Still Face Experiment
In the last blog, I mentioned that all of these attachment related posts were going to build on each other. So, if you didn’t read the previous one CLICK HERE to get caught up. At the very least, you can skim to the bottom and get the most important info from that post.
AND NOW… part two
In the previous post I gave a very brief historical rundown of attachment theory. The main reason behind that was to illustrate how the understanding of attachment had begun to shift from something that was a learned behavior, to a theory that it was a biological drive to seek and maintain closeness and comfort with important figures in our lives. Through observation at orphanages, Harlow’s work with the rhesus monkeys, the “Strange Situation” experiment, and many others, researchers began to see how being separated from one’s attachment figures had a dramatic negative impact on a child’s physical and psychological development. More recent advances in neuroscience and epigenetics produce similar findings and are able to show how aspects of our physiology actually fail to develop properly when we aren’t able to create emotional bonds with a nurturing other. The American Journal of Psychiatry, on reporting about the neurological impact of childhood neglect, stated: “The longer deprived infants go without intervention, the more difficult it can become for their development to advance in many areas—such as cognitive functioning, language acquisition, and social behavior.”
Again, all of this is to drive home the importance of understanding that our need to connect with others is hardwired into our basic existence. It’s pretty much a matter of life and death. If we aren’t able to form bonds, we do not thrive.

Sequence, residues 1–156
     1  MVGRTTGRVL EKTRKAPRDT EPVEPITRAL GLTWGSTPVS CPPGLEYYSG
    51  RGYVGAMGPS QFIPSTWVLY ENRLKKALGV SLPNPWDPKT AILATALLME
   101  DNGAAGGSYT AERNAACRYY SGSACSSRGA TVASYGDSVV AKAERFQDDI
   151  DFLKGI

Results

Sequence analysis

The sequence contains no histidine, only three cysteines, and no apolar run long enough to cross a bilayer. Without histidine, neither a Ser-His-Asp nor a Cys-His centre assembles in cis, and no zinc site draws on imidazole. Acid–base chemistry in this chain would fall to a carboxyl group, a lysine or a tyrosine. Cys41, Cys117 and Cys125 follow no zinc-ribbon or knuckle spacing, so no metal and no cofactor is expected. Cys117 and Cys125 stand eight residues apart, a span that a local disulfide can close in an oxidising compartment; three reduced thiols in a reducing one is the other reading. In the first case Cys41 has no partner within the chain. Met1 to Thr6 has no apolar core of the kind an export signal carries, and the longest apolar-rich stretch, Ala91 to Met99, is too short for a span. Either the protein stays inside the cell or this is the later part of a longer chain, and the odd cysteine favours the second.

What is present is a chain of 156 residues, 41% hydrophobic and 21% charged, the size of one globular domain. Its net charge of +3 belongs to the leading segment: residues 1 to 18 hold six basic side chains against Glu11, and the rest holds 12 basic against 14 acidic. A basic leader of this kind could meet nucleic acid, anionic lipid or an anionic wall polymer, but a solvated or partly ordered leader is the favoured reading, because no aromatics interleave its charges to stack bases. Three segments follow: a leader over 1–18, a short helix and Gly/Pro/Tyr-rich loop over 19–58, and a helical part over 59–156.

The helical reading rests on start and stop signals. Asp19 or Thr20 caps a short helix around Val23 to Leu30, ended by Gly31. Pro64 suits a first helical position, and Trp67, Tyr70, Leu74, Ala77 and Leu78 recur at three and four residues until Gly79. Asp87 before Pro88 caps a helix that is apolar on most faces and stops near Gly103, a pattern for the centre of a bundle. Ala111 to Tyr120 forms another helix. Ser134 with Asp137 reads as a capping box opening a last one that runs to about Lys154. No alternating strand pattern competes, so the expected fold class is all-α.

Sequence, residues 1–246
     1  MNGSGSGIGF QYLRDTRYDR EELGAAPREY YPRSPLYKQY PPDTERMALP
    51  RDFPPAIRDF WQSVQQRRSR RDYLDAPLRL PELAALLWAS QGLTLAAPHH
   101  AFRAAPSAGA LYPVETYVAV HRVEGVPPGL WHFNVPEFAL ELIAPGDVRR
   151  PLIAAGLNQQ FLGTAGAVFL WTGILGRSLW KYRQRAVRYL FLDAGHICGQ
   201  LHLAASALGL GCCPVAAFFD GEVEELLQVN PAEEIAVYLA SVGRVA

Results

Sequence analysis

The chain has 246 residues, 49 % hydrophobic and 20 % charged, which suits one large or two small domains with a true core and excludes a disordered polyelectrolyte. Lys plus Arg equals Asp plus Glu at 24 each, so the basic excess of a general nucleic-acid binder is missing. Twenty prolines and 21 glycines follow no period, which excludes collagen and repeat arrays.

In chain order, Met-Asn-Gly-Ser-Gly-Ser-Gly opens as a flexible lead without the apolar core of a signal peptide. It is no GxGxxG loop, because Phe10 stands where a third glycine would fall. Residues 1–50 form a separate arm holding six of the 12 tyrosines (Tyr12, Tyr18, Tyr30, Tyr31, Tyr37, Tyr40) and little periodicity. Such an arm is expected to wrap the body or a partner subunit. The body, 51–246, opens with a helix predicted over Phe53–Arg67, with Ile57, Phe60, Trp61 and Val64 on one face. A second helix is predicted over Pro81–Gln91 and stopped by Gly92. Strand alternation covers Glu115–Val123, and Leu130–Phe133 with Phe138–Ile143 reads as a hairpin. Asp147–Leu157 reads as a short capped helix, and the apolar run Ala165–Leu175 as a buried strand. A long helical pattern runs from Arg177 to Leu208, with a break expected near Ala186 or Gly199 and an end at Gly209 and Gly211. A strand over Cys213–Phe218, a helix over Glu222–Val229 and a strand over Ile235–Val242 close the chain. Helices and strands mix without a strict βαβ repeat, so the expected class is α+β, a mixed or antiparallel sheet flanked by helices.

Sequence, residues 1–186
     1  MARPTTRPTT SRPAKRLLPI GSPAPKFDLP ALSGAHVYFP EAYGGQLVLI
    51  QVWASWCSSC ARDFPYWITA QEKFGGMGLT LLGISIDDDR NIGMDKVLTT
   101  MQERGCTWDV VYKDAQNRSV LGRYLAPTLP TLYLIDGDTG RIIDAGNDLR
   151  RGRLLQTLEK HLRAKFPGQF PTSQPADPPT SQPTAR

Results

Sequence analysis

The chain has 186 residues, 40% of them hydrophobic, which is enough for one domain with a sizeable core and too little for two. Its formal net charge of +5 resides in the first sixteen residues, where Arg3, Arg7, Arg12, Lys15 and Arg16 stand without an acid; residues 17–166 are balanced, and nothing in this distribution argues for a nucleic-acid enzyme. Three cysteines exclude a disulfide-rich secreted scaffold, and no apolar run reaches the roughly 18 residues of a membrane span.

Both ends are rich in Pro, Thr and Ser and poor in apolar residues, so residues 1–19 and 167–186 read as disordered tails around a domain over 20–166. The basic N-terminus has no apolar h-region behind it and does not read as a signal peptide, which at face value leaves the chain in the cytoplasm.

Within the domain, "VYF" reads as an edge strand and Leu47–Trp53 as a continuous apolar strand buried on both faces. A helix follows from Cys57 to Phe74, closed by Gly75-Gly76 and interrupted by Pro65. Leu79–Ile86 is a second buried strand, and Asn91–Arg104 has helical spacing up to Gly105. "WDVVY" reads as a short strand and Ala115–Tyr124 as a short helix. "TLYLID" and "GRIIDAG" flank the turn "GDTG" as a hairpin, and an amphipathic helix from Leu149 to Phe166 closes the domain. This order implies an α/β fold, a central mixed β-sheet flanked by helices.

Okay, so maybe you’re saying to yourself, “But, I didn’t grow up in isolation, and I certainly was not raised by a wire monkey with a bottle.” Right. But even if you had people constantly around you, were they consistent, nurturing, safe and secure attachment figures? Without putting blame or judgment on your family (we’re all doing the best we can with what we know at the time), can you just objectively take look at your experiences with your caregivers?
Were your parents responsive to your needs, or were they lost in their work? Were finances tight, and stress extremely high? Was a parent battling mental health issues or substance abuse? Did a caregiver have unresolved trauma? Was there abuse in the home? Just because the caregivers were physically present, doesn’t mean that they were necessarily capable of being emotionally present enough to form a secure attachment.Many of our parents didn’t have this in their childhood, and now simply pass down what they learned. Or, say a parent suffers a trauma along the way, they may be having such a hard time regulating their own emotions, it makes it near impossible to consistently regulate and sooth their children in times of distress. This isn’t to point the finger at mothers and fathers, it’s just to highlight the number of things that can get in the way of forming secure emotional bonds.
I started out the last blog by saying, “To get a better understanding of how adult relationships can go awry, we need to have a look at some of the first relationships we form in life.” Because as we’ve learned, when those relationships go awry it leaves a lasting imprint on our physical and emotional development. Our attachment, be it secure or insecure, dictates how we view ourselves and how we believe others view us. AND, it impacts the strategies we begin to use to cling to connection or, at the very least, protect ourselves from the pain of disconnection.
Below is a video of the “Still Face Experiment” with Dr. Edward Tronick. This video highlights just how physically and emotionally painful disconnection from an important attachment figure can be.
Kind of hard to watch, right? When you think of that clip, and watch the protests from the baby as she tries to get any kind of reaction from her mother… does it feel oddly familiar to ways you might have behaved in the face of rejection or disconnection?
In the next post, I’ll continue the discussion of how your attachment style develops and how that is now showing up in your romantic relationship endeavors.
NEXT POST: DEVELOPING YOUR ATTACHMENT STYLE